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Slay the Spire dev releases free game jam deck builder after ditching Unity

Dancing Duelists out on Windows, Linux, Mac.

A screenshot of Dancing Duelists' character-select screen showing several fighters - including a clown, flower, and beatbox - gathered in a circle.
Image credit: Mega Crit

Slay the Spire studio Mega Crit has released Dancing Duelists, a free new deck builder created during a game jam as it explored the Godot engine following the recent Unity controversy.

Mega Crit was one of many developers to criticise Unity's decision to begin charging studios fees based on the number times their game was installed by a user (Unity has since walked back on some of its changes, and CEO John Riccitiello departed not long after), writing, "Despite the immense amount of time and effort our team has already poured into the development on our new title, we will be migrating to a new engine unless the changes are completely reverted and [Terms of Service] protections are put in place."

Shortly after Unity's controversial announcement, Mega Crit held a three-week game jam to "explore the Godot engine due to 'recent events'". The result of those experiments is Dancing Duelists, a "deckbuilding autobattler dance off with a BUMPIN' soundtrack".

Dancing Duelists gameplay video.Watch on YouTube

As per the rules posted on, players pick a fighter (each with its own deck of cards) then go up against a randomly assigned opponent for a dance clash. Cards play automatically and a clash is won if an opponent's Hype Points (HP) are reduced to zero, if their cards are all trashed, or if the player reaches 50 HP. Additionally, the competitor with the most HP will be declared winner if a game reaches 20 turns. Players get two new cards ahead of each clash, special ability granting trinkets are awarded every other clash, and the goal is to win seven clashes to be crowned the "ultimate dance duellist".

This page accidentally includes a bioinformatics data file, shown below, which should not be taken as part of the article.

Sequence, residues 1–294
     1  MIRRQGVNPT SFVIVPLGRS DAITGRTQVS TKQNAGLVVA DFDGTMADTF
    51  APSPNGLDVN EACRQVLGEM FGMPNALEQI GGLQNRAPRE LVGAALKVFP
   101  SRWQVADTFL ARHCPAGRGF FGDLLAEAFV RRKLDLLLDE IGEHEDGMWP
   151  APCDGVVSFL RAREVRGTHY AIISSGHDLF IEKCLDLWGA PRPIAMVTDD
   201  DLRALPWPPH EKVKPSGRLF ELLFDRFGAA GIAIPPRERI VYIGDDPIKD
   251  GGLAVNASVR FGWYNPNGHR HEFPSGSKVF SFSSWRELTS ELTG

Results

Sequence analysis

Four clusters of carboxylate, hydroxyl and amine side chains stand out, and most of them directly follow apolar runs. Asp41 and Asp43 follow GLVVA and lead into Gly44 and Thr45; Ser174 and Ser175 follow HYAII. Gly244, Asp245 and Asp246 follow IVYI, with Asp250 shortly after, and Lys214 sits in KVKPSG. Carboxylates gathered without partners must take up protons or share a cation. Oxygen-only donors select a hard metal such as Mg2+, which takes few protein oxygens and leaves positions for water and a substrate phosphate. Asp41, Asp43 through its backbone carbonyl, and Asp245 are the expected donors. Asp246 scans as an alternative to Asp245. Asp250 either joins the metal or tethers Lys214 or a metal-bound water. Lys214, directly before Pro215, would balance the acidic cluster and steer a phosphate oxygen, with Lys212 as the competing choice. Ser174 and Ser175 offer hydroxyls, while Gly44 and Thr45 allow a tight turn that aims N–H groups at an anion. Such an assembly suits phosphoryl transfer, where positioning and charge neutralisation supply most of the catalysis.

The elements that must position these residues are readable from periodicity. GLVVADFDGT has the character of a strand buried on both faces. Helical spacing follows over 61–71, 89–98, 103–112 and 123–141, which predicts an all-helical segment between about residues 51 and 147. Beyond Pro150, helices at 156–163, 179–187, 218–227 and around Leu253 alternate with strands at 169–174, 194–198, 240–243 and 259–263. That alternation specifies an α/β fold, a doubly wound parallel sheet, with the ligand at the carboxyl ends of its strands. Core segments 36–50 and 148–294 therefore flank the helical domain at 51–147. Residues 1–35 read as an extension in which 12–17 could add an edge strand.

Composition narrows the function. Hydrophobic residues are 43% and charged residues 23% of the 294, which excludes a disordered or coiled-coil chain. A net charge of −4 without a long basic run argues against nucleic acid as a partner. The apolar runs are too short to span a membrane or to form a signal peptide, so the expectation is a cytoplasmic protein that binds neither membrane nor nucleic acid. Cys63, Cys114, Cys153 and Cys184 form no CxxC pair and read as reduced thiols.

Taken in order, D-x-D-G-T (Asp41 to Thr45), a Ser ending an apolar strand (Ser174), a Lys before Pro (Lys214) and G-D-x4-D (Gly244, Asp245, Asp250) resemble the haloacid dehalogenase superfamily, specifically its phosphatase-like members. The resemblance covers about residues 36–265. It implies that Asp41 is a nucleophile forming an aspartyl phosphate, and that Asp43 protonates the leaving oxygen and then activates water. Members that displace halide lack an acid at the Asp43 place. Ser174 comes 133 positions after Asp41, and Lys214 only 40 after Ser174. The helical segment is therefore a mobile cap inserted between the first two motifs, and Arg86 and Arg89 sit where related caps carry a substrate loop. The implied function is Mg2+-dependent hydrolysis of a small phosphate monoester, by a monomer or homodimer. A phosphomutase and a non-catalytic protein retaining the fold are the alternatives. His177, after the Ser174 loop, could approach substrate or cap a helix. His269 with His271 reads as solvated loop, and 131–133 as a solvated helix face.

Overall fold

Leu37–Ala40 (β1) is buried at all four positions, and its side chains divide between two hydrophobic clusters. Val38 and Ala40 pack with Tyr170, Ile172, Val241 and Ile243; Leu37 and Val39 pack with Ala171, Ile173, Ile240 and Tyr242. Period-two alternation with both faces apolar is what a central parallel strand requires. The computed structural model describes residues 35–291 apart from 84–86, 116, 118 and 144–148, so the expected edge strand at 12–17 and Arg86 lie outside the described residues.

Dancing Duelists is a pretty slick, characterful, and funky thing going by its gameplay trailer - especially so given its three-week development - and comments point to a game that's fun, if a little buggy and unbalanced. And if you fancy trying it out yourself, it's free and available to download for Windows, Mac, and Linux.

Mega Crit recommends anyone wanting to fling money in its direction after their time with Dancing Duelists should instead donate to the Godot engine's ongoing development fund. The studio has recently confirmed - in a separate post on social media - it will be following through with its previous threat to ditch Unity and is now officially moving its next game to Godot.

Mega Crit notes in its brief introduction to Dancing Duelists that the game's development coincided with the Jump Ship Jam, challenging developers to "craft a game using an entirely new-to-you engine or tool" based on the theme of "strength in numbers". The Jump Ship Jam received 81 submissions and they're all available to explore over on

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